To coincide with the Centenary of the Battle of the Somme (1 July-18 November 1916), Oxfordshire families are urged to bring First World War photographs, letters, diaries and objects to tell their stories at the Soldiers of Oxfordshire Museum in Woodstock on Saturday 17th September between 10am and 4.30pm.
Experts from the Soldiers of Oxfordshire Museum, the Western Front Association and other organisations will be on hand to talk to visitors about the significance of their memorabilia and to help them find out more.
Living historians will be giving demonstrations and there will be displays, activities for children, support for researching a soldier and refreshments available.
This event is supported by the Heritage Lottery Fund.
Entry to the museum will be free on the day, though donations would be appreciated.
The Soldiers of Oxfordshire Museum
T: 01993 810 210
Download poster of the event: Unknown Stories of the Great War
Supported by the Lottery through the Heritage Lottery Fund Our Heritage programme, this University of Cardiff project will focus on collecting and making accessible images of Egypt and Palestine as they would have been seen by people during the First World War.
Much of the commemoration of the First World War has focussed on the Western Front and so gives the impression that the war was entirely one of mud and trenches with very little movement. However, the war in Egypt and Palestine was much more mobile and often fast moving, it was also fought in hot and dry conditions and posed a whole range of challenges to those who fought there. It is also a surprise to many that such a great number of personnel did actually serve in Egypt and Palestine at some point during the war with units regularly being withdrawn from the Western Front to serve in the area before returning to Europe later on. Egypt also served as a staging post for the Dardenelles Campaign and Thessalonika.
The aim is to collect photographs taken by service personnel, postcards, lantern slides and stereoviews. The project is not collecting the actual views but rather scans of them which, with the owners permission, will be uploaded to a dedicated website where anyone interested in seeing what their ancestors saw or who is interested in how the ancient monuments, cities, towns and villages looked during the First World War can get that information.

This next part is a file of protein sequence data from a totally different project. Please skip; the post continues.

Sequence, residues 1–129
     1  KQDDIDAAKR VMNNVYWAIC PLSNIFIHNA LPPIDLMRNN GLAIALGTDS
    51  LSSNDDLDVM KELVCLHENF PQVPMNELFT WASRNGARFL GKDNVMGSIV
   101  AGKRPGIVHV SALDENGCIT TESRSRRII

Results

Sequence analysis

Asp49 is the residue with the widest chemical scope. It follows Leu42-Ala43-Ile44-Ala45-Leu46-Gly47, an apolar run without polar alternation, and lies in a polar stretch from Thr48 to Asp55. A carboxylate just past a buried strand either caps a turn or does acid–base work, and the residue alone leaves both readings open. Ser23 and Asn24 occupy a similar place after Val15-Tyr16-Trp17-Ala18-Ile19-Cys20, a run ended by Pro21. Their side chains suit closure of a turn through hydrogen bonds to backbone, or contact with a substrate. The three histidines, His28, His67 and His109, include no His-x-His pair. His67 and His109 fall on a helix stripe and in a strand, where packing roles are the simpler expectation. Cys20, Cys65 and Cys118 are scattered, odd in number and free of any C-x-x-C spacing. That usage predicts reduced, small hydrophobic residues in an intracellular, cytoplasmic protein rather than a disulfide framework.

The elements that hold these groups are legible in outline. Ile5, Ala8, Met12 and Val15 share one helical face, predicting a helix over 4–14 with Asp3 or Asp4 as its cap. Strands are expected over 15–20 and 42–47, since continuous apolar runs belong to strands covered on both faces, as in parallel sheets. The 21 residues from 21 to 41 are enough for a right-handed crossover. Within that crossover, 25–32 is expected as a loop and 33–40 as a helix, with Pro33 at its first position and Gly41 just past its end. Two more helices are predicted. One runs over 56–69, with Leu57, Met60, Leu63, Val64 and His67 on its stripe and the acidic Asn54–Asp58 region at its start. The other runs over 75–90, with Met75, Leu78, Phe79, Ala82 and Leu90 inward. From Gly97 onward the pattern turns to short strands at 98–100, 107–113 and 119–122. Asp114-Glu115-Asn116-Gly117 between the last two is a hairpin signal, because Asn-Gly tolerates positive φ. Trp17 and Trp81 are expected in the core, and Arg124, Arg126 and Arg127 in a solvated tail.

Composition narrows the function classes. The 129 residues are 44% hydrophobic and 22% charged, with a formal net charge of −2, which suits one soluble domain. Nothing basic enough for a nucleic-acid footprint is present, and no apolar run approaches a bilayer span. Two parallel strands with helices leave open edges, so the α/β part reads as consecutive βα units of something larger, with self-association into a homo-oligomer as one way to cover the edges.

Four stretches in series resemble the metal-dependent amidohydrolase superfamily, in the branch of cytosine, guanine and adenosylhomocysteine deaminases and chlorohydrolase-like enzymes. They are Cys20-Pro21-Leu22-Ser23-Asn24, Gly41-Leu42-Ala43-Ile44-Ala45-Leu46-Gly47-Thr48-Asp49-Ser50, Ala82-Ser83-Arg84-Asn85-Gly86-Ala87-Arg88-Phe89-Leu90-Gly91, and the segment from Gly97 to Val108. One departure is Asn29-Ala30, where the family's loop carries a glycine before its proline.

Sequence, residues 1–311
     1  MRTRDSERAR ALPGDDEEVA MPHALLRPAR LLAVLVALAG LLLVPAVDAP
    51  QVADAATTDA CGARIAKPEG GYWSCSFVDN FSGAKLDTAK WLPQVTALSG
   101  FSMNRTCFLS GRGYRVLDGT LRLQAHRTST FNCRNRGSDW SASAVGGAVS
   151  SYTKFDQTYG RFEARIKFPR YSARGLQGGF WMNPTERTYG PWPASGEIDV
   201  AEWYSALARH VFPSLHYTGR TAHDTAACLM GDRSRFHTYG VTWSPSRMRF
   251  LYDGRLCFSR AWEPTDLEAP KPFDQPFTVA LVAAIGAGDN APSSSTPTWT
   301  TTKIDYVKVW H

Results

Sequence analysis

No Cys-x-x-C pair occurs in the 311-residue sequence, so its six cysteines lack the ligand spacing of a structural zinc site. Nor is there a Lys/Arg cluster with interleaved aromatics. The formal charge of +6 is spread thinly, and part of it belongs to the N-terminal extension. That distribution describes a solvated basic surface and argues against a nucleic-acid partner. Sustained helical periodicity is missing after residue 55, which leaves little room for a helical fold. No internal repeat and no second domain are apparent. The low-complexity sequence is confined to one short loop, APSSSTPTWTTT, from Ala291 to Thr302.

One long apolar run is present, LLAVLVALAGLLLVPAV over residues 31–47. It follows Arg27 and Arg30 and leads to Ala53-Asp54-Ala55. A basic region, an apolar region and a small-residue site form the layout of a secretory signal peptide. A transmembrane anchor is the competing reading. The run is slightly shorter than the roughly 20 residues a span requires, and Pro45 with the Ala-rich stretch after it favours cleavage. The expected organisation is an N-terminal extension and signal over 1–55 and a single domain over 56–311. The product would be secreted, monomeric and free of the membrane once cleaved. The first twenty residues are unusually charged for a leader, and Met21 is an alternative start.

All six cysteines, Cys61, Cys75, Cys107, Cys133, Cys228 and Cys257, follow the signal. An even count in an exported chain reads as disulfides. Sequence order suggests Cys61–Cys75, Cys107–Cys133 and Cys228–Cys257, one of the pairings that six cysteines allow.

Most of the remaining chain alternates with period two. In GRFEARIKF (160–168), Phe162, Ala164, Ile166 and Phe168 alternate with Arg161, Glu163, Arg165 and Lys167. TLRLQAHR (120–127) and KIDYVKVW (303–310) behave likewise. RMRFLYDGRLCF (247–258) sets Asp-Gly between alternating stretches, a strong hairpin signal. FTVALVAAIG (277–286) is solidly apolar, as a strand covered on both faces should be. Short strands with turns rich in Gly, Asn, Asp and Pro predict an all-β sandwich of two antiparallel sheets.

For a full overview of the project, see here.
IT Services and Age Exchange are pleased to invite you to a screening of the film installation ‘Children of the Great War’.
Thursday 23rd April, 5- 6:30 pm at IT Services, 13 Banbury Road.
The film is based on memories and experiences of children and grandchildren of those who lived through the First World War. The material was collected and collated by the reminiscence arts charity Age Exchange as part of their project ‘Children of the Great War’. The screening will be preceded by a short presentation about the project and followed by a Q & A with the artists involved. Wine and nibbles will be provided.
The event is free, but places are limited. For catering purposes, we would be most grateful if you could kindly confirm whether you can attend by booking online at http://tinyurl.com/COGWFilm or by calling: 01865 273253; or by emailing Sarah Wilkin at IT Services directly.
You can find out more about the Children of the Great War project here.
The focus of the 18 month project has been on memories and experiences of the Great War passed down through families and across communities. The project, funded by the Lottery Heritage Fund, has included a range of activities such as reminiscence projects, intergenerational workshops, filming and recording of group and individual interviews sharing personal heritage. A series of open days have also been held where the public have been invited to contribute family history, images and text to the Europeana 1914-18 International archive. The Education Enhancement team, University of Oxford, has had the pleasure to provide training and support to project staff and be involved in some of the collection events.